TAKING PROBLEMSOLVING TESTS
back
The University of
Alabama
Center for Academic Success
124 Osband
3485175
First,
Preparation—Before the Test

Review your
notes and textbook, listing the major concepts and formulas that were
covered.
 Highlight
those topics or problems that were emphasized. Note why they were
emphasized.
 The
most effective way to prepare is to solve problems—lots of them!
Choose problems not previously assigned and work them.

Analyze all
the problems you work. Use these questions as a guide:

What concepts, formulas, and rules did I apply?

What methods did I use?

How did I begin?

Have I seen this type of problem before?

How is it like or not like other problems I have worked?

How does my solution compare with examples from the book and
lectures?

Could this problem be worked another way? Can
I simplify what I did?

As you complete
a step in solving the problem, summarize the problem, summarize what
you did and why.
 Look
for fundamental problem types. Make sure you can recognize what they
are.
 Practice
working problems out of sequence.
 Make
up a practice test. Choose the same number of sample items that you
think will be on the test. Then, try to work them within the same time
span as the test.
Second,
Preparation—Before the Test

Write down
formulas, relationships, definitions, etc., that you want to remember
before attempting to answer any questions.

Preview the
whole test in order to develop a plan for your work. If any thoughts
come to mind, jot them down.

Plan your time.
Allow more time for problems with the higher point values. Save some
time at the end of the period for review.

Begin with the
easier problems. Then, in approaching the more difficult problems:

Make absolutely sure you understand the problem. Mark key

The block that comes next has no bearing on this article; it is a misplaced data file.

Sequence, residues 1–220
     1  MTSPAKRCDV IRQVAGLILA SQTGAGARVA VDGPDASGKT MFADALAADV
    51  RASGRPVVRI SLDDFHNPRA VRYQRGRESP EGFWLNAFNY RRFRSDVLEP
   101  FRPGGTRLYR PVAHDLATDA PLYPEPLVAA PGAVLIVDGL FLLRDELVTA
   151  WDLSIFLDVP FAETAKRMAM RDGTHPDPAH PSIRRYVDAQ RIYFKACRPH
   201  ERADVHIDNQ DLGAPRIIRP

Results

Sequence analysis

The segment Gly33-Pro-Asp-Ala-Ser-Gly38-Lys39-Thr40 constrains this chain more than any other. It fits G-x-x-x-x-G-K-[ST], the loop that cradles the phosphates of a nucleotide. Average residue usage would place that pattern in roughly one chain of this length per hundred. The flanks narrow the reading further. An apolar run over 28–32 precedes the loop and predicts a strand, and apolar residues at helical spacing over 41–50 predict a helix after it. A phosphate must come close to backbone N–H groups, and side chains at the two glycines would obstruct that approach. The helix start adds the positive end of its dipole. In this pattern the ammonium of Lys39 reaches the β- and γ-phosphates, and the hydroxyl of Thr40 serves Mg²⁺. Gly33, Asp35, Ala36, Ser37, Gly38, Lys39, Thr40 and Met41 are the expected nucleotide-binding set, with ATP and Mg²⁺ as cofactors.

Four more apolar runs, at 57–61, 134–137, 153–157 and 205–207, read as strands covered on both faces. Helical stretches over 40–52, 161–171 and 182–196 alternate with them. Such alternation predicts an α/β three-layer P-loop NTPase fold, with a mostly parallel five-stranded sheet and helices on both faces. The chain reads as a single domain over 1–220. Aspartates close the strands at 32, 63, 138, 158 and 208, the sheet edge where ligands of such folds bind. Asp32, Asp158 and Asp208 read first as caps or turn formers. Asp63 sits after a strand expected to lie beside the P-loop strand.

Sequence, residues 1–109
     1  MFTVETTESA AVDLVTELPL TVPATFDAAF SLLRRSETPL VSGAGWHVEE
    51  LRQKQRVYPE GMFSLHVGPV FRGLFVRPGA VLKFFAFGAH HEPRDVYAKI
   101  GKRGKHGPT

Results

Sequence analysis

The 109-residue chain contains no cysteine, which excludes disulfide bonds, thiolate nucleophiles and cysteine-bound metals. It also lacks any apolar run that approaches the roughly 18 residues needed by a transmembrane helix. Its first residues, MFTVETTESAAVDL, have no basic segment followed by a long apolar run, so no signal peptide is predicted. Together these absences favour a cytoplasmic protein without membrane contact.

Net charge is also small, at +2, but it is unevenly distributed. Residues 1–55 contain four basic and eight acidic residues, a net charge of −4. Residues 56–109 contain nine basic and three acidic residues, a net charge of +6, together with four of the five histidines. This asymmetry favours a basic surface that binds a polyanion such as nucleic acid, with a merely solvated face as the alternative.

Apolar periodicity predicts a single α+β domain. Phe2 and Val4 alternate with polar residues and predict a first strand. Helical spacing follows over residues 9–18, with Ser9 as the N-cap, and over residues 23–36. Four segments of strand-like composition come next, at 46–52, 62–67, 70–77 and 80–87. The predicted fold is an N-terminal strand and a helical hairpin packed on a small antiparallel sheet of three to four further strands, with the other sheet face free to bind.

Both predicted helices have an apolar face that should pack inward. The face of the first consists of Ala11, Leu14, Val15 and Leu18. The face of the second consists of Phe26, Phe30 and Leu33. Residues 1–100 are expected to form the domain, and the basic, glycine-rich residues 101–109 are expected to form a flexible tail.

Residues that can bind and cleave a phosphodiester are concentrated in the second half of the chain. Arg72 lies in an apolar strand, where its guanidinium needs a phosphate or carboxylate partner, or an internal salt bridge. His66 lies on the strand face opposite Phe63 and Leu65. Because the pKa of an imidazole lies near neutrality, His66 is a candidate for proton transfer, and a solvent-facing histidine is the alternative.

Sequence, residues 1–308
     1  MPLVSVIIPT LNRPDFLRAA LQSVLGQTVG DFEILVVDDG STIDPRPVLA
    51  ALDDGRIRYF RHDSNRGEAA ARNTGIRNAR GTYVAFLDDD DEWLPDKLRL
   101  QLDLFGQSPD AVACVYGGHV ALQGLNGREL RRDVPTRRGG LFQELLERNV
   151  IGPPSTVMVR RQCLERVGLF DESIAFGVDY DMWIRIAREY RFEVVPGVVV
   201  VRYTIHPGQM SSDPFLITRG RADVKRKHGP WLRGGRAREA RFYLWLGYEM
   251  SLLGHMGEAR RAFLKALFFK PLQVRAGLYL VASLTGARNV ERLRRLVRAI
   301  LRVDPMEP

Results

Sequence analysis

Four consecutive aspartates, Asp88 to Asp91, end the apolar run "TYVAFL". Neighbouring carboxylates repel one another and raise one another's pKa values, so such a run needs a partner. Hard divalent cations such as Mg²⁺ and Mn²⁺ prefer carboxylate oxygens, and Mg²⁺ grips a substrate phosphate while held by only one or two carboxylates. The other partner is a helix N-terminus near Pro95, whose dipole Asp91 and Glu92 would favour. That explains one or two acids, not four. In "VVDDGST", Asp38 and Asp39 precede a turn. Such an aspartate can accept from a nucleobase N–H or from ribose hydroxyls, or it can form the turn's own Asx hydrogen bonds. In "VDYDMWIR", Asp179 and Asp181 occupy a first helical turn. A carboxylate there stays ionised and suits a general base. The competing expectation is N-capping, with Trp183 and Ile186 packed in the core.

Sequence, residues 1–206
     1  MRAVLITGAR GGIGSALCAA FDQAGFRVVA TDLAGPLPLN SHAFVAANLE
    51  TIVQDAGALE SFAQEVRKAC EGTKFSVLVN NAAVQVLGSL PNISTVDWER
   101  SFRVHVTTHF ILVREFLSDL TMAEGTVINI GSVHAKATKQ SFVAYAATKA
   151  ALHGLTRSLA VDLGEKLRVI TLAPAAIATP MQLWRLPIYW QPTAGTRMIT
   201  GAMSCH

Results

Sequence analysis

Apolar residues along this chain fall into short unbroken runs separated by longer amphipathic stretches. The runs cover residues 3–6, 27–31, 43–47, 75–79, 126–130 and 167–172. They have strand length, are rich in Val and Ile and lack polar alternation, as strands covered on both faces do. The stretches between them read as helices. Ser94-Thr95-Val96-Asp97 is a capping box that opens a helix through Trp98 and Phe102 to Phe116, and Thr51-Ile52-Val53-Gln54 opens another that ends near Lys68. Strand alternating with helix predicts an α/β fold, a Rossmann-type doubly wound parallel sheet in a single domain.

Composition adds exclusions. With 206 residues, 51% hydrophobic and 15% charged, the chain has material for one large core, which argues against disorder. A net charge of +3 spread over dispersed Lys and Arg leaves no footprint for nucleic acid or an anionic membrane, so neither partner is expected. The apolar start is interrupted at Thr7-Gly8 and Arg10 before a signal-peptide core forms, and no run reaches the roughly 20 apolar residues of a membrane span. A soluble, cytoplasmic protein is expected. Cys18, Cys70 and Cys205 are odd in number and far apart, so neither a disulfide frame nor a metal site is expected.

words and identify the givens and unknowns in your own words. Sketch a
diagram or picture of the problem.

Make a note, in symbols, diagrams, graphs, or tables of all
the information given.

For complex problems, list all the formulas you consider
might be relevant to the solution. Then decide which you will need to
begin with.
 As you complete a step in solving the
problem,

Write out, if possible, an equation to express the
relationships among all of the givens and unknowns, accounting for all
of the date and facts in the problem.

Think back to similar practice problems and work each part,
thus building up to a solution.

Guess an answer and check it. Possibly the checking process
will suggest a solution method.
 If all else fails, mark it to come
back to and work a different problem. You may find clues in other
problems.

For all
problems, easy and difficult:

Once you have the solution method, follow it carefully. Check
each step for consistency in notation. Document all of your work so
that it may be read easily. Write legibly.

Evaluate your solutions. Check your answer against the
problem to make sure it fits.

Try all test
problems. If your mind goes blank, relax for a moment and try to think
about something else. If you run out of time and still have some
problems left, try to gain at least partial credit by setting the
problems up in a solution plan (even if you can’t follow through on
calculations).
Third,
Analyzing the results
After
your test is returned:

Read the
comments and suggestions.

Locate the
source of the test—lectures, textbooks, or homework.

Note any
transformations—how were the problems changed from those in the
notes or homework.

Determine the
source of your errors.

Were your errors due to carelessness?

Did you misread the questions?

Did you consistently miss the same kind of problem?

Could you remember the formulas correctly?

Were you unable to finish the test because you ran out of
time?

Were you unable to solve problems because you had not
practiced doing similar ones?
 Did you have a difficult time during
the test because you were too anxious to focus on the questions?